Now here’s the cool thing: these boxes are usually £25 (although there are cheaper gifts on the website, so do check out the Ingenues shop here) BUT Isla has kindly given you lucky readers a whopping 20% discount if you use my code DESERTMUM at the check-out! Head over to her website and browse the fantastic range of products.

13. Movie night box (preschool/primary/secondary)

A variation on buying a cinema card, and perhaps a little more exciting than buying a DVD, pack up a box with the kind of treats you’d enjoy when watching a film: hot chocolate powder, marshmallows, sweets and popcorn (and a DVD, of course!) – or, if you have a higher budget, you could include some comfy slippers, new PJs or a soft blanket.

14. Window on the World (primary/secondary)

Our family (aged 9,7,4,4) has found this to be such a helpful resource to orient our prayers outwards, rather than just praying for ourselves. It can be used with a wide variety of ages, albeit in different ways. Again, unless you know a child who is passionate about world missions, and would be motivated to read this book on their own, this would be best given to a child who has a Christian parent to read it with them. Read my review here and buy it here.

15. Build-a-bear experience (preschool/primary/secondary)

If you know a child who loves a soft toy (and, let’s face it, this applies to some teenagers too!) then a trip to a Build-a-Bear Workshop is a very special gift. My daughter has been a couple of times and it’s such a treat for her! She loves the experience of going and creating her new bear – but then getting to take it home with her means she has a lasting memento and new toy as well!


Over £20

16. Magazine subscription (preschool/primary/secondary)

My twins enjoyed their Cbeebies and Go Jetters magazine subscriptions last Christmas (when they were 3), and it was brilliant to have a regular injection of fun and novelty into our weeks for the months that followed. Older children love to have a magazine which follows a special interest – my son obsesses over his Match of the Day and Kick magazines, both of which have been generous presents from friends and family. Aquila is an excellent all-round magazine for KS2 children (7-11), and features articles on a variety of topics.

17. Madlug bag (primary/secondary)

A bag makes a great Christmas present for all ages, because it’s so practical, and every child needs one – or multiple ones – for something, whether that ‘something’ is school, swimming, sports, camp, or whatever. This Christmas, please consider buying a Madlug bag – because for each bag purchased, Madlug will provide a bag for a child in care.

Bags and suitcases are not provided by local authorities, so when a child leaves his birth or foster family, or moves placements, his few possessions are often put in a carrier bag or – worse – a bin bag. Can you think of a more inappropriate gesture for a child who already feels unloveable, unworthy and unvalued than to have their things carried round in a bin bag? Madlug are changing this, one bag at a time. You pay a bit more – but a looked-after child gets a proper bag. Browse and buy here.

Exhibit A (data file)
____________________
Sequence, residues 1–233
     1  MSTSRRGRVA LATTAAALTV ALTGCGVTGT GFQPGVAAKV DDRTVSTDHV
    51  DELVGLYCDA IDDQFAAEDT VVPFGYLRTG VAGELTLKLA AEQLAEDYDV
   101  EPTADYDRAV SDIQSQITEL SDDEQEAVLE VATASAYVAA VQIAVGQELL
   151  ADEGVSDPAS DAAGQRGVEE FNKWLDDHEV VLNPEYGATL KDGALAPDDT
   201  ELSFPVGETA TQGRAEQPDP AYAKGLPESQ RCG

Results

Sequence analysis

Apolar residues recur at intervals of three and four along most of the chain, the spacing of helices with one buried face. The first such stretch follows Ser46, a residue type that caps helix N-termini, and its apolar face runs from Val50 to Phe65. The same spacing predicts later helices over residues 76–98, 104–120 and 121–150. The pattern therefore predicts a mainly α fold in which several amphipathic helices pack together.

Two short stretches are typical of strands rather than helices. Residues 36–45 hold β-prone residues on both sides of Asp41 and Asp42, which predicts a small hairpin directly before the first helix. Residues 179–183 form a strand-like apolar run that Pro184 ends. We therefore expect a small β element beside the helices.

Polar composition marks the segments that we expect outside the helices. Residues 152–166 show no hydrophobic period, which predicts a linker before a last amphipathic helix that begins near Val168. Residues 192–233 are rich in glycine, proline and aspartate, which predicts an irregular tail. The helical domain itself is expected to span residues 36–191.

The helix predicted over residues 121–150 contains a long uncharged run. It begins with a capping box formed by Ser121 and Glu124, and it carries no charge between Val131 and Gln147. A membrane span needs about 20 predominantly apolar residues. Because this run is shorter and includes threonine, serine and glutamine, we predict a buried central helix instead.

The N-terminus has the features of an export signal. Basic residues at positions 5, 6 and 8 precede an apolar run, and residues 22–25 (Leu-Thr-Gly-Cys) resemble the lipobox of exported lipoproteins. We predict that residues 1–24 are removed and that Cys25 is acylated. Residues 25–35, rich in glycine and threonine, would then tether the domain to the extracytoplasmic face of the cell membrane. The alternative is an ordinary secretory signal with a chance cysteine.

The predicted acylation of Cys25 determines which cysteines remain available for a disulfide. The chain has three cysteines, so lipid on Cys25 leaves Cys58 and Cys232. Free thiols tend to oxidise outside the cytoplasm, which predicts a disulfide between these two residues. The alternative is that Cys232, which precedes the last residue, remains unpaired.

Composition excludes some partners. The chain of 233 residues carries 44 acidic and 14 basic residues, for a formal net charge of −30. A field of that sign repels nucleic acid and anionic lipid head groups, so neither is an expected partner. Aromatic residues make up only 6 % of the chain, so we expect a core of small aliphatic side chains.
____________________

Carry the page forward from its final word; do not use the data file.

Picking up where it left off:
18. Toucan Box (preschool/primary)

My daughter totally loved her regular toucan boxes when she was given a subscription one Christmas. They come through your door at a frequency selected by you, and contain all the pieces for a fun craft. The larger boxes contain more crafts and a book on the same theme. It’s a lovely gift that keeps on giving after the excitement of December has died down, and is perfect for any child who loves craft.

19. Ticket to a sporting event (primary/secondary)

I have a football-mad son. He is so football mad that even a ticket to York City is a much-appreciated gift (and these games are NOT CHEAP). Last year, his uncle, a Liverpool season-ticket-holder, managed to arrange a trip for the two of them to a match on Boxing Day, and it was quite an experience! He loved his first time at a big stadium (once he’d got used to the noise of Anfield!).

Maybe your child isn’t into football, but there’s a rugby or tennis match for which you can get tickets, perhaps an indoor cycling event or horse racing or golf or some random sport that they particularly like. For a sports-mad child, this gift will never disappoint!

20. Entrance to a zoo/theme park/local attraction (preschool/primary/secondary)

This is a great gift if you’re sending something from a distance. Why not investigate what there is to do near the child you’re buying for, and see if you can get a ticket? Or, if they have a particular interest, see if you can find something to match that. Our kids love going on days out, and of course this is the epitome of a present which gives well beyond December!

Looking for the perfect gift for a 5-year-old girl? Check out this fabulous post!


Leave a Comment

Social media & sharing icons powered by UltimatelySocial